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Added Monday, December 03, 2018 by Action Alliance

Immigrants and Refugees Are Welcome Here: A Resource Guide for Service Providers Working with Immigrants who are LGBTQ, Sex Workers, and/or HIV-Positive

A Project of Queer Survival Economies directed by Amber Hollibaugh, produced with support from the Evelyn and Walter Haas, Jr. Fund


Since the Trump administration took office in January 2017, violence against undocumented and documented immigrants, trans and gender nonconforming people, sex workers, Muslims, Black people and people of color, and other vulnerable groups has increased and taken many forms: economic, political, bodily, sexual, and social. People who occupy multiple marginalized social and structural positions experience these forms of oppression and violence with a sharper edge and more routinely in their everyday encounters. Though communities organize to resist this violence and build networks and systems for sanctuary and self-defense, people who are targeted by vigilante violence, racist policing, laws criminalizing poverty and survival-based economies, and the ramping up of local law enforcement and border enforcement have minimal access to legal recourse, systemic accountability, or reliable safety, reinforcing what are already precarious positions. Because of these conditions, immigrants who are documented and undocumented, LGBTQ, sex workers, and/or HIV-positive face particularly heightened vulnerabilities to violence, detention, family separation, deportation, and premature death.

This resource guide is intended for service providers to improve their competency in assisting clients in these dangerous times, and reduce secondary traumas in their practice. The guide contains a general overview of the landscape and vulnerabilities for immigrants who are LGBTQ, sex workers, and/or HIV-positive, suggestions for service providers in their daily practice, resources for organizational self-evaluation, and a glossary of terms. It is intended as a living document to be used and adapted based on feedback from clients, community members, activists, and service providers, as well as changes to our political landscape.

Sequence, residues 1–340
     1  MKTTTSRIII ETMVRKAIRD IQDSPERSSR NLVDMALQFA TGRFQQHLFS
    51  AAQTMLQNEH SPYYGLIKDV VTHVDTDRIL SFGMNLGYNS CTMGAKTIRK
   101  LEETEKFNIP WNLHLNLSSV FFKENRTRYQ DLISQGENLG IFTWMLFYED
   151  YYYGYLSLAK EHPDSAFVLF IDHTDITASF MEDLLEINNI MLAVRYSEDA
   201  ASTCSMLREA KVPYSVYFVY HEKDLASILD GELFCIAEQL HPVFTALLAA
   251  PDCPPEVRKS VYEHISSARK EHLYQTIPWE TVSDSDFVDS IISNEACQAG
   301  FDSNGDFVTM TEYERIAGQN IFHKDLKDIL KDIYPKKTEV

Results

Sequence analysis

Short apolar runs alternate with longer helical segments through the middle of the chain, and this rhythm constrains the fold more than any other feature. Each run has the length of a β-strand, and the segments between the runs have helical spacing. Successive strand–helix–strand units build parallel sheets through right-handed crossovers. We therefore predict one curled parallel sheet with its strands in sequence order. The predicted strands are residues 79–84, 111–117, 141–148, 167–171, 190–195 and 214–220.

Table of Contents

  • Credits
  • Introduction: Understanding the landscape for immigrants who are LGBTQ, sex workers, and/or HIV-positive
  • Specific Vulnerabilities
  • Laws and Procedures
  • Do’s & Don’ts for Service Providers
  • Needs Assessments
  • Glossary
  •      Terms Related to Gender and Sexuality
  •      Terms Related to Gender & Sexuality Oppression
  •      Terms Related to Immigration
  •      Terms Related to Sex Work
  •      Terms Related to HIV
  •      General Terms
  • Resource List
  •      Organizations
  •      Reports
  •      Legal Resources
  • Bibliography


Queer Survival Economies was established in 2014 by Amber Hollibaugh to work at the intersections of sexuality, poverty, homelessness, labor, and the criminalization of survival.

From 2014-2016 Amber L. Hollibaugh was a Senior Activist Fellow at the Barnard Center for Research on Women where she directed the Queer Survival Economies project. Hollibaugh is a writer, filmmaker and political activist whose work focuses on feminist, sex, and class politics. Her first book, My Dangerous Desires: A Queer Girl Dreaming Her Way Home (2000), presents over twenty years of Hollibaugh’s writing. Previously, Hollibaugh was the Chief Officer of Elder & LBTI Women’s Services at Howard Brown Health Center in Chicago, the Executive Director of New York’s Queers for Economic Justice (QEJ), Director of Education, Advocacy and Community Building at Services & Advocacy for GLBT Elders (SAGE). Among her health education work, she founded and directed the Lesbian AIDS Project at Gay Men’s Health Crisis in New York, for which she won the Dr. Susan M. Love Award for Achievement in Women’s Health.

The Barnard Center for Research on Women gratefully acknowledges support from the Evelyn and Walter Haas, Jr. Fund.

The Barnard Center for Research on Women engages communities through programming, projects, and publications that advance intersectional social justice feminist analyses and generate concrete steps toward social transformation.


  • Resource Guide: Working with Immigrants Download
  • Resource Guide: Working with Immigrants - Dos and Don'ts Download

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